The Big Society Post Office bank

I don’t know what it says about the state of things that, as the election draws closer, thebathhouse has become quieter. I feel overwhelmed by rhetoric and wrangling over NI and I sense that a lot of interesting policies are muffled under the force of loud ElectionLive!-type of reporting.

It’s pretty old news already but the two ‘main’ parties have each proposed something interesting on progressive banking. I’ve only looked at this a bit, so if anyone knows better please correct me.

Cameron’s Big Society Bank wants to use the unclaimed money from dormant bank accounts as a base for attracting ‘ethical investment’ bonds and the likes, which will then lend money to social enterprise bodies, who will then invest in social enterprises. It’s an investment bank rather than a bank for lending to people. The idea of using dormant money already exists – at the moment it goes to the national lottery fund, which then lends to charitable organisations to lend to charities. So that’s hardly new.

As for the principle removing the state from care, there must be a worry that relying totally on profit making charities (social enterprises) will affect what type of care is delivered and how. It seems like a useful way of promising care without promising half of the investment needed. I want to know what Will thinks about this, since he’s the one with a street-level view.

Brown’s Post Office Bank is so nearly brilliant, but then, being New Labour it can’t help but slip up in a crucial way. It’s less an investment bank and more a high-street lender. The focus is on lending at normal rates to poor people who are normally charged extortionate rates. This is heady news indeed and could be a step towards reform that will break the massive power of elite private finance firms, who act as cartels when setting distorted high interest rates to poor people. Yet rather than keep this as a public service, it is a join venture with the Bank of Ireland (who were given the contract to provide financial services through the post office a while ago).

So the profits made from expanding finance to the majority will be channelled up into the hands of a tiny elite, all of this using public money. The Post Office Bank will invest in credit unions, but why not make the Post Office Bank a credit union instead. That way the profits could go back to members and would have the majority wielding the financial power of a big bank.

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2 thoughts on “The Big Society Post Office bank

  1. interesting post (sic)! but i think you’ve missed a couple of crucial facts about what the Tories and Labour are proposing:
    The Big Society Bank is actually very similar to the Social Investment Wholesale Bank that Labour are planning. The name is different, but apart from that there’s not a huge amount that (as far as we know) will be very different under the Tories. As i understand it, they will both be wholesale lenders (ie to community finance bodies to lend on to social enterprises and charities) and they will both receive initial capital from dormant accounts.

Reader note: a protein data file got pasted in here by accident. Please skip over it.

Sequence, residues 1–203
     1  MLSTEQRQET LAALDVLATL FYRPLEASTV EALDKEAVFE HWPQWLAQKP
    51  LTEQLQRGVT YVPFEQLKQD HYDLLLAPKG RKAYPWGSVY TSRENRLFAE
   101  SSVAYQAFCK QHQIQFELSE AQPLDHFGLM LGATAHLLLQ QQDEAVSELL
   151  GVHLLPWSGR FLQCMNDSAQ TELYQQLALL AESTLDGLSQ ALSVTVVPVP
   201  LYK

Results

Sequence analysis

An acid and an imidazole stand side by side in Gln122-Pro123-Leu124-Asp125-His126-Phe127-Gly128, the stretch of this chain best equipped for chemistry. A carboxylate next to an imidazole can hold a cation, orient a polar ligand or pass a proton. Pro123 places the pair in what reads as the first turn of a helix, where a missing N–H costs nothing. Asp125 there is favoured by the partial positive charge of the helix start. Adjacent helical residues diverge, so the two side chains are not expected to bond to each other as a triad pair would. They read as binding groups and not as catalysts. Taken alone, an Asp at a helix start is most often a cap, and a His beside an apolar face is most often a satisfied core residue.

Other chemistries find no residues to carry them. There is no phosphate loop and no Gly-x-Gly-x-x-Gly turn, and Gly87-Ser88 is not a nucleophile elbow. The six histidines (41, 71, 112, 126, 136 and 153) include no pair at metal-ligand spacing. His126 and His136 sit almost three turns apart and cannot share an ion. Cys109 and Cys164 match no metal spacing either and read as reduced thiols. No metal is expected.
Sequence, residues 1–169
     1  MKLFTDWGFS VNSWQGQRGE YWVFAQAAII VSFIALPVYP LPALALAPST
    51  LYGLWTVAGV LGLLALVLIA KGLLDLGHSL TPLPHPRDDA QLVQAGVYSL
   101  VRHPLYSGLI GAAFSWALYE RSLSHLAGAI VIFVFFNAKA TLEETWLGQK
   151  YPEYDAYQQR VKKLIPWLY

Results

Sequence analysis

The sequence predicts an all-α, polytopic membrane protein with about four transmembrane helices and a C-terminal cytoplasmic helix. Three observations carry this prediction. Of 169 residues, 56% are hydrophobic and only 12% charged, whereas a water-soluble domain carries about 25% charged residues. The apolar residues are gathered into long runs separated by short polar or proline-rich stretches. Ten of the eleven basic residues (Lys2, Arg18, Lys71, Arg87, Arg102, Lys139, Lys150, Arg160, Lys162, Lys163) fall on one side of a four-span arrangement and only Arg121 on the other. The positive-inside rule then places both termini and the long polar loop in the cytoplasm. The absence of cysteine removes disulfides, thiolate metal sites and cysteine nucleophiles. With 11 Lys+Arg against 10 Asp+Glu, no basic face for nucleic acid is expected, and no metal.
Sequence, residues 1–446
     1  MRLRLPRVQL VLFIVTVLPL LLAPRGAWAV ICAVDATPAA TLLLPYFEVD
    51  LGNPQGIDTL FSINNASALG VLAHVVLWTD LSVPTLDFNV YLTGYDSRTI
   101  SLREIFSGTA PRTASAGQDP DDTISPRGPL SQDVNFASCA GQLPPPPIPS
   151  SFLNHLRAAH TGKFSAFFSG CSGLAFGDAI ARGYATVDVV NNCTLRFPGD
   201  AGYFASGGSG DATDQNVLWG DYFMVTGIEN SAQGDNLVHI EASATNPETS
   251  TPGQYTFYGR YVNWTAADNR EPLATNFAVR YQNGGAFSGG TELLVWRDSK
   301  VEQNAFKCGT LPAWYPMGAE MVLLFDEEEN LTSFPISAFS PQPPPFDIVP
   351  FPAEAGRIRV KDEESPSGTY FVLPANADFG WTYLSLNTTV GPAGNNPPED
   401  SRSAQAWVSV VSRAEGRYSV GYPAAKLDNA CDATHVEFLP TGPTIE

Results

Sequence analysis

Labour’s proposals (actually they are government proposals…we’ll see what Labour’s manifesto says…) for post office banking has the potential to go a long way to tackling financial exclusion. You asked why not turn the post office into a credit union – aside from the fact that the post office does a lot of things a credit union doesn’t (and wouldn’t be allowed to) – it would be fantastically expensive. The proposals wouldnt see the post office investing in credit unions. the investment would come through a tax on banks (though the details of how this would work are unknown and the budget commited to ‘consult on options’). The national network of credit unions would actually help to protect the post office as a national(ised) entity….not drain public money. And as for the Bank of Ireland deal sucking profits in to the hands of a tiny elite; the arrangements is for the Post Office to ‘front’ the services – which is far cheaper and simpler than having to become a bank (which is currently practically impossible to do…another problem!). I dont know what the detail of the PO/BoI deal are, but you’d have thought that any profit would be shared between the two parties.
    You have to consider the alternative – that people dont have access to affordable credit, mortgages, bank accounts etc. We’re already spending bucketloads of money on the impact of these things (funding for financial inclusion and regeneration etc) which is far less efficient than takcling the causes (a lack of access to basic financial services).

    In my view this represents good value for the taxpayer.
    you can read our policy briefing on the proposals and an analysis of what they mean here – http://tinyurl.com/ych2pvn

  2. Thanks Toby, good to get things much clearer.

    For me financial inclusion is only part of the reform needed. There needs to be a way of empowering the majority in how they enter the financial sphere. I’m interested to know, what would a credit union not be allowed to do and why would it be so expensive to run?

    As far as the partnership with Bank of Ireland goes, it still seems the policy does not go far enough. Half(?) of the profit made from including poor people into the financial sphere is channelled up to into the Bank of Ireland. Why not, as Unite and New Economics Foundation have asked, make it a publicly backed bank? The Post Office remains the ‘front’ but, even if the costs are bigger, the profits made are kept in the public sphere.

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